"In 1961 Charlotte, North Carolina, the predominantly black neighborhood of Brooklyn is a bustling city within a city. When Loraylee Hawkins hears rumors that the city plans to bulldoze her neighborhood, claiming it's dilapidated and dangerous, she searches for a way to keep her family together in this novel that explores the conflicts of gentrification"--
In 1961 Charlotte, North Carolina, the predominantly black neighborhood of Brooklyn is a bustling city within a city. Self-contained and vibrant, it has its own restaurants, schools, theaters, churches, and night clubs. There are shotgun shacks and poverty, along with well-maintained houses like the one Loraylee Hawkins shares with her young son, Hawk, her Uncle Ray, and her grandmother, Bibi. Loraylee's love for Archibald Griffin, Hawk's white father and manager of the cafeteria where she works, must be kept secret in the segregated South. Loraylee has heard rumors that the city plans to bulldoze her neighborhood, claiming it's dilapidated and dangerous. The government promises to provide new housing and relocate businesses. But locals like Pastor Ebenezer Polk, who's facing the demolition of his church, know the value of Brooklyn does not lie in bricks and mortar. Generations have lived, loved, and died here, supporting and strengthening each other. Yet street by street, longtime residents are being forced out. And Loraylee, searching for a way to keep her family together, will form new alliances-and find an unexpected path that may yet lead her home.
Anna Jean (A.J.) Mayhew's first novel, The Dry Grass of August, won the Sir Walter Raleigh Award for Fiction, and was a finalist for the Book Award from the Southern Independent Booksellers Alliance. She has been writer-in-residence at Moulin Nef Studio Center in Auvillar, France, and was a member of the first Board of Trustees of the North Carolina Writers' Network. A native of Charlotte, North Carolina, A.J. has never lived outside the state, although she often travels to Europe with her Swiss-born husband. Her work reflects her vivid memories of growing up in the segregated South. A.J.--a mother and grandmother--now lives in a small town in the North Carolina Piedmont with her husband and their French-speaking cat. Please visit her at annajeanmayhew.com.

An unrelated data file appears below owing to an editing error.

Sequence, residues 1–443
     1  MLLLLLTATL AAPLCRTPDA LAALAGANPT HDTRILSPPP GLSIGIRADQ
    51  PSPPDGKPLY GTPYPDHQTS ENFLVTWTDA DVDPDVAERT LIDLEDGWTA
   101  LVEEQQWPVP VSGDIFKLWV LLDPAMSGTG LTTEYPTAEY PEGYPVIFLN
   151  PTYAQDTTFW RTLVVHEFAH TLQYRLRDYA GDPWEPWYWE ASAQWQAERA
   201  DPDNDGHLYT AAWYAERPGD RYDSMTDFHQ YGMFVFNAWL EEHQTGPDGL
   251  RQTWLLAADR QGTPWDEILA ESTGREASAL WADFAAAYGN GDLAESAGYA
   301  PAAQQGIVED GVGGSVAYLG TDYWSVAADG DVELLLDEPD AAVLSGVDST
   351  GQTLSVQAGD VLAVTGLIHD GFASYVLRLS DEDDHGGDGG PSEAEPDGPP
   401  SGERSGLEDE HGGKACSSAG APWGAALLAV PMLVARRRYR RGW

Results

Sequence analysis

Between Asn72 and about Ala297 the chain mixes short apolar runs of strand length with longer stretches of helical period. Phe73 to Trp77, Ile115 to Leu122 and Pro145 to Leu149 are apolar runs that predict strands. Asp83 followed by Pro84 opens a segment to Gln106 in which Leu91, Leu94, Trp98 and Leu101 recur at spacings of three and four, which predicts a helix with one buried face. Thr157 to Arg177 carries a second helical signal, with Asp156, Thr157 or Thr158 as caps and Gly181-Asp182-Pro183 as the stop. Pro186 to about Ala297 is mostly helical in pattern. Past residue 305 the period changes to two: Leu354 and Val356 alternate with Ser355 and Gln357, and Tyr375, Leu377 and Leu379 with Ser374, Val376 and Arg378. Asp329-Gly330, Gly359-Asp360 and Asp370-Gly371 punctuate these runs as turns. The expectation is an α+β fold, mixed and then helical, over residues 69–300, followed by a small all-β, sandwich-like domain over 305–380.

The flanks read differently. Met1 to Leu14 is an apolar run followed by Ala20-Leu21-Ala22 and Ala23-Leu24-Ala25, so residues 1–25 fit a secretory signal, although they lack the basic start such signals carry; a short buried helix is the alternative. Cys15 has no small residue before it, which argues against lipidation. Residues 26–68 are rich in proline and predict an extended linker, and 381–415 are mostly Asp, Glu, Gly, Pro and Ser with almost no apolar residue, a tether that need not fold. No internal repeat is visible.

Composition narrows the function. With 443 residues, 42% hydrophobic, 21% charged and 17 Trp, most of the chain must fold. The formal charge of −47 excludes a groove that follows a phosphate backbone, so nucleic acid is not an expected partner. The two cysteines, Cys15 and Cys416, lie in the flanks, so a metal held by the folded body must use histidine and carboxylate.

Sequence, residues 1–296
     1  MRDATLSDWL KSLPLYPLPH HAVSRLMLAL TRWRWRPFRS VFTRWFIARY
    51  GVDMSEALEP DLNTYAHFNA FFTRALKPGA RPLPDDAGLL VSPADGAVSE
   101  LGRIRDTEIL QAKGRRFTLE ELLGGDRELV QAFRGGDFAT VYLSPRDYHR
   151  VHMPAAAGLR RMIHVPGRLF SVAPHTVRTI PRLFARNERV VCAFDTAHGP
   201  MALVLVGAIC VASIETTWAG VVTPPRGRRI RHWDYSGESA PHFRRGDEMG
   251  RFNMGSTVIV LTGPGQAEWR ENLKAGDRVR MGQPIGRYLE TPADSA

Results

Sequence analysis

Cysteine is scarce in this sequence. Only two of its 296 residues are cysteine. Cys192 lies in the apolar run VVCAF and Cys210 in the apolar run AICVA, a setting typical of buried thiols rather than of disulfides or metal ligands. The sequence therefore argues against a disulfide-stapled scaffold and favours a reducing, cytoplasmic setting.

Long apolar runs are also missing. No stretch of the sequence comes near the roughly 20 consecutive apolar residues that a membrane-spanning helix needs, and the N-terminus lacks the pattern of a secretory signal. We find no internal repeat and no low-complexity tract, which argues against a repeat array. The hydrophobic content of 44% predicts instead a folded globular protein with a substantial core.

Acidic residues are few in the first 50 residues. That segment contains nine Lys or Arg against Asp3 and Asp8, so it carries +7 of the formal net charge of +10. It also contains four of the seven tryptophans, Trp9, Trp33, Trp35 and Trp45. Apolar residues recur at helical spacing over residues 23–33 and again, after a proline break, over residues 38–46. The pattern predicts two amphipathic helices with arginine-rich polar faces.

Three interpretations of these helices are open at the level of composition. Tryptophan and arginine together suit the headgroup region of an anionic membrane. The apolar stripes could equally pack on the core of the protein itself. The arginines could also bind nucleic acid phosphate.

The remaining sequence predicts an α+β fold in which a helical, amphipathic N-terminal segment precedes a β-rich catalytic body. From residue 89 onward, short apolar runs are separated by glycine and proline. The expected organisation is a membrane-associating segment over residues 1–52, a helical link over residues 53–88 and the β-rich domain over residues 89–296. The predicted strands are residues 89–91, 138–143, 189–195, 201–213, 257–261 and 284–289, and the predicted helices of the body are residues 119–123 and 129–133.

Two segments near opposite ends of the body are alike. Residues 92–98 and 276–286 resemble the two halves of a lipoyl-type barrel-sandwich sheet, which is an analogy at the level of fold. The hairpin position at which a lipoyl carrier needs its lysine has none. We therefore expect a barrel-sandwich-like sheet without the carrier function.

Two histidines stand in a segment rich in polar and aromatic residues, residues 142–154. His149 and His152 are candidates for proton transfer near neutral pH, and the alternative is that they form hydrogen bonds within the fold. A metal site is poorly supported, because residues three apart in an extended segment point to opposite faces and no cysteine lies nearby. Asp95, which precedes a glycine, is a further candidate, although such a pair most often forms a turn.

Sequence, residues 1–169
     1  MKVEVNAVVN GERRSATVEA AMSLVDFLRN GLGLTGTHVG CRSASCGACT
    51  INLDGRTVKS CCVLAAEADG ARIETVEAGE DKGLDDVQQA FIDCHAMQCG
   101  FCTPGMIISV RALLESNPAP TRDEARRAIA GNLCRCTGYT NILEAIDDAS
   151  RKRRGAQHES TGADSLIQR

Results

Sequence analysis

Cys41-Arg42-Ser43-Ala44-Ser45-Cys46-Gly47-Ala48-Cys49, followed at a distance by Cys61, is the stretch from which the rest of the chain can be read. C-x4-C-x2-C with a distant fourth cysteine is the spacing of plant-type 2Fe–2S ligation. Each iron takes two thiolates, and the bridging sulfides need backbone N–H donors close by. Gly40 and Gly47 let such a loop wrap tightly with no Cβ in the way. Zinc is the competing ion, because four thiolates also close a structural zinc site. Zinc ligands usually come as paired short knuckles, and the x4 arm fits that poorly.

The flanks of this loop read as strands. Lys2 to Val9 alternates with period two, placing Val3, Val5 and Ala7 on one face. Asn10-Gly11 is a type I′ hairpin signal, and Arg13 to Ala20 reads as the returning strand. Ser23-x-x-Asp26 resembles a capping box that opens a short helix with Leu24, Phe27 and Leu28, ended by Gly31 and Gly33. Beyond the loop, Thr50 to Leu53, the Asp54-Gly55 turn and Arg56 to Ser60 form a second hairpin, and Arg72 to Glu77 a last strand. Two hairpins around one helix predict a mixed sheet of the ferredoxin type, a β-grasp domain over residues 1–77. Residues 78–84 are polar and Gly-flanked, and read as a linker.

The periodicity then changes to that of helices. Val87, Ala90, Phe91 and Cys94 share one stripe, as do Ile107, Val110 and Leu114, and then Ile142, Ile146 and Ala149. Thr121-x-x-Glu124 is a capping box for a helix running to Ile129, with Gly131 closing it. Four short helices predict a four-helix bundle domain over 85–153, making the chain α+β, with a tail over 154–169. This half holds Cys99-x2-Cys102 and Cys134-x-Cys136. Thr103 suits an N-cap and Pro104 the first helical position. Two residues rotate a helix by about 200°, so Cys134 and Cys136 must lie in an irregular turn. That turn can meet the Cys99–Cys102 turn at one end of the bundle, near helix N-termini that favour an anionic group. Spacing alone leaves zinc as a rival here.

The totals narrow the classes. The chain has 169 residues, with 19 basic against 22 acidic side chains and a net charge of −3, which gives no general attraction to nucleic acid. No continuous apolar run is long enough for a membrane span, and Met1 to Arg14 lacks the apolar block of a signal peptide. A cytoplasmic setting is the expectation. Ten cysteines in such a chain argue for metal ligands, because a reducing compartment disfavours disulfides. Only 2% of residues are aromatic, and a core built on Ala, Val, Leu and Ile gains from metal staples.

Advance praise for Tomorrow's Bread
"Sings to life the necessities of community, resting places and home. A tale profoundly relevant for our time." --Elaine Neil Orr, author of Swimming Between Worlds "Mayhew leads readers down the neighborhood streets and into its businesses and the lives of its residents and doesn't shy away from showing the neighborhood as it really was, a mixture of good and bad, but always home. Readers drawn to the well-defined characters of Stephanie Powell Watts and Thomas Mullen will find Brooklyn tugging at their hearts." --Booklist on Tomorrow's Bread
Outstanding praise for The Dry Grass of August
"Mayhew keeps the story taut, thoughtful and complex, elevating it from the throng of coming-of-age books." --Publishers Weekly
"Beautifully written, with complex characters, an urgent plot, and an ending so shocking and real it had me in tears." --Eleanor Brown, New York Times bestselling author
"A must-read for fans of The Help." --Woman's World
"Written with unusual charm, wonderful dialogue, and a deeply felt sense of time and place, The Dry Grass of August is a book for adults and young people both--a beautifully written literary novel that is a real page-turner, I have to add. Fast, suspenseful, and meaningful. I read this book straight through." --Lee Smith, author of Fair and Tender Ladies
"Because the novel is totally true to Jubie's point of view, it generates gripping drama as we watch her reach beyond authority to question law and order." --Booklist
"Jubie is a compelling heroine in the mold of Lily Owens in The Secret Life of Bees." --VOYA
"A masterful work of blending time and place." --The Charlotte Observer
"A beautiful book that fans of The Help will enjoy." --Karen White, New York Times bestselling author
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